FINAL UNTIL TIME EXPIRES TO FILE REHEARING MOTION AND, IF
from the Circuit Court for Sarasota County; Stephen M.
M. Johnson of Law Office of Andrea M. Johnson, P.A.,
Bradenton; and Kathi B. Halvorsen of Kathi B. Halvorsen,
P.A., Sarasota, for Appellant.
Richard Weissfeld, Sarasota, for Appellee.
Morrison (the Former Wife) appeals the order that denied her
second amended motion for enforcement of the marital
settlement agreement (MSA) entered between her and James
Morrison (the Former Husband). Because the trial court
applied the incorrect legal standard when interpreting the
parties' MSA and because resolution of the matter will
require consideration of evidence, we reverse and remand for
parties were married for twenty-seven years before filing for
dissolution. Apparently, the parties elected not to save for
retirement, relying instead on the fact that the Former
Husband's parents were quite wealthy and that he expected
to inherit large sums of money from them.
parties' MSA, as part of equitable distribution,
the parties agreed that the Former Husband would pay the
Former Wife specified percentages of the "inheritance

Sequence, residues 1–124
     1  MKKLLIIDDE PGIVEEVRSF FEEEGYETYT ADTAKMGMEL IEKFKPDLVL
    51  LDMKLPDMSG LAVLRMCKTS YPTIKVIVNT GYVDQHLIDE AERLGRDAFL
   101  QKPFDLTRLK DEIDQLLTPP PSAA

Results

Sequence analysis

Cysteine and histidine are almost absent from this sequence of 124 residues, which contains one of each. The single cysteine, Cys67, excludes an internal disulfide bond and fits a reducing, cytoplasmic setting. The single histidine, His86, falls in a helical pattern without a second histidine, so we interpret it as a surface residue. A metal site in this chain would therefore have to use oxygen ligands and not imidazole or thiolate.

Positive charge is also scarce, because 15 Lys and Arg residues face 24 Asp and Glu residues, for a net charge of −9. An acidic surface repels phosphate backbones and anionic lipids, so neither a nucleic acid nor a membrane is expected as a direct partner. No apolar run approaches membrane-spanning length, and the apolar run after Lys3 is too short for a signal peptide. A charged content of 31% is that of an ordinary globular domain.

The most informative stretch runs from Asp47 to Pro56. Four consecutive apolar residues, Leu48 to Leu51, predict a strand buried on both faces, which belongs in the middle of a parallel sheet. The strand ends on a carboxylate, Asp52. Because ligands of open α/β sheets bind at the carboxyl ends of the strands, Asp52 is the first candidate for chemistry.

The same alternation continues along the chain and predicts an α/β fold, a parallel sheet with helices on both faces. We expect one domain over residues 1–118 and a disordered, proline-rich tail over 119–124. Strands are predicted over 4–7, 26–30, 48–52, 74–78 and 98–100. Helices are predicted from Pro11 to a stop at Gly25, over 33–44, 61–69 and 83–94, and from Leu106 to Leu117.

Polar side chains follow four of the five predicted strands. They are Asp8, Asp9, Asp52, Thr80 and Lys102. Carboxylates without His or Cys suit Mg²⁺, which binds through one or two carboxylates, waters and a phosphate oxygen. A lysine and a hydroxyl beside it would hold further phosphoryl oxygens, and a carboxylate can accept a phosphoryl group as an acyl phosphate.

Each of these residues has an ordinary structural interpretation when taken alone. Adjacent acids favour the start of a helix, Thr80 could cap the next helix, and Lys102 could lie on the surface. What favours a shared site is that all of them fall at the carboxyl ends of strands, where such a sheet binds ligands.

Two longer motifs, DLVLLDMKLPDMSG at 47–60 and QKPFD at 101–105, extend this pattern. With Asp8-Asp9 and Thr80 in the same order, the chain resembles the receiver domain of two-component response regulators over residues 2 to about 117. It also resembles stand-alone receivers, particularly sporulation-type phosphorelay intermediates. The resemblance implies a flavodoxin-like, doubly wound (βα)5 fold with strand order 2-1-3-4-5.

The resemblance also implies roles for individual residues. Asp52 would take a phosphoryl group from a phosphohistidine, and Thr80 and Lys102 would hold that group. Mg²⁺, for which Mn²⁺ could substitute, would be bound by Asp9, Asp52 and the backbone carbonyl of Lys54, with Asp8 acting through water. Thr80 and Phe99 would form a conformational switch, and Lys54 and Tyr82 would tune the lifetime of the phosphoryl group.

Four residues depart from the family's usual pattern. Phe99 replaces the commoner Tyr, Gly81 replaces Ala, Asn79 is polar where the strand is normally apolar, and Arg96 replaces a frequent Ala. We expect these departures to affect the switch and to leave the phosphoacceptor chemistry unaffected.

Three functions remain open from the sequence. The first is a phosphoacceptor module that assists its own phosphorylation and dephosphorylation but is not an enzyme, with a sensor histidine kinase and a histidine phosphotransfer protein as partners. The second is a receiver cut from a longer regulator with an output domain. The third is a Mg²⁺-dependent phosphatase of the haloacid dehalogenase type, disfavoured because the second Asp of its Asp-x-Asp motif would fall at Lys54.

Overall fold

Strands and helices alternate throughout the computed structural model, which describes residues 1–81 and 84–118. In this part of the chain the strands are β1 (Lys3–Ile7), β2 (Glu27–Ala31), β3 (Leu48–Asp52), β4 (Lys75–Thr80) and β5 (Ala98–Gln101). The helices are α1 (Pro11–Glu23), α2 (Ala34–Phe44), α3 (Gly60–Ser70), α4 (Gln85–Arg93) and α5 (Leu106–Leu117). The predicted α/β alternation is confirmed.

funds received" by the Former Husband after both of his
parents died. The MSA specifically stated that it was the
parties' "intention to utilize the inheritance for
both of their elder years." The MSA also required the
Former Husband to maintain life insurance as security for
this agreed obligation, with the insurance obligation ending
"if the Wife receives the inheritance monies."
appears from the language of the MSA that the parties
anticipated that the Former Husband would receive his
inheritance as a lump sum. However, the Former Husband's
father actually created a revocable trust, put all of his
considerable assets into the trust, and then-after the MSA
was signed-created a spendthrift subtrust with the Former
Husband as beneficiary that would be funded upon the
father's death. Thus, rather than receiving a lump sum
payment upon his father's death, the Former Husband began
receiving periodic distributions from the subtrust. But the
Former Husband refused to pay any portion of these
distributed funds to the Former Wife.
Former Wife subsequently filed a motion for enforcement,
contending that the funds actually distributed to the Former
Husband from the subtrust were subject to equitable
distribution under the MSA as inheritance funds received. The
Former Wife did not contend that she could invade
the subtrust or require that any distributions be made-only
that she was entitled to the percentage specified in the MSA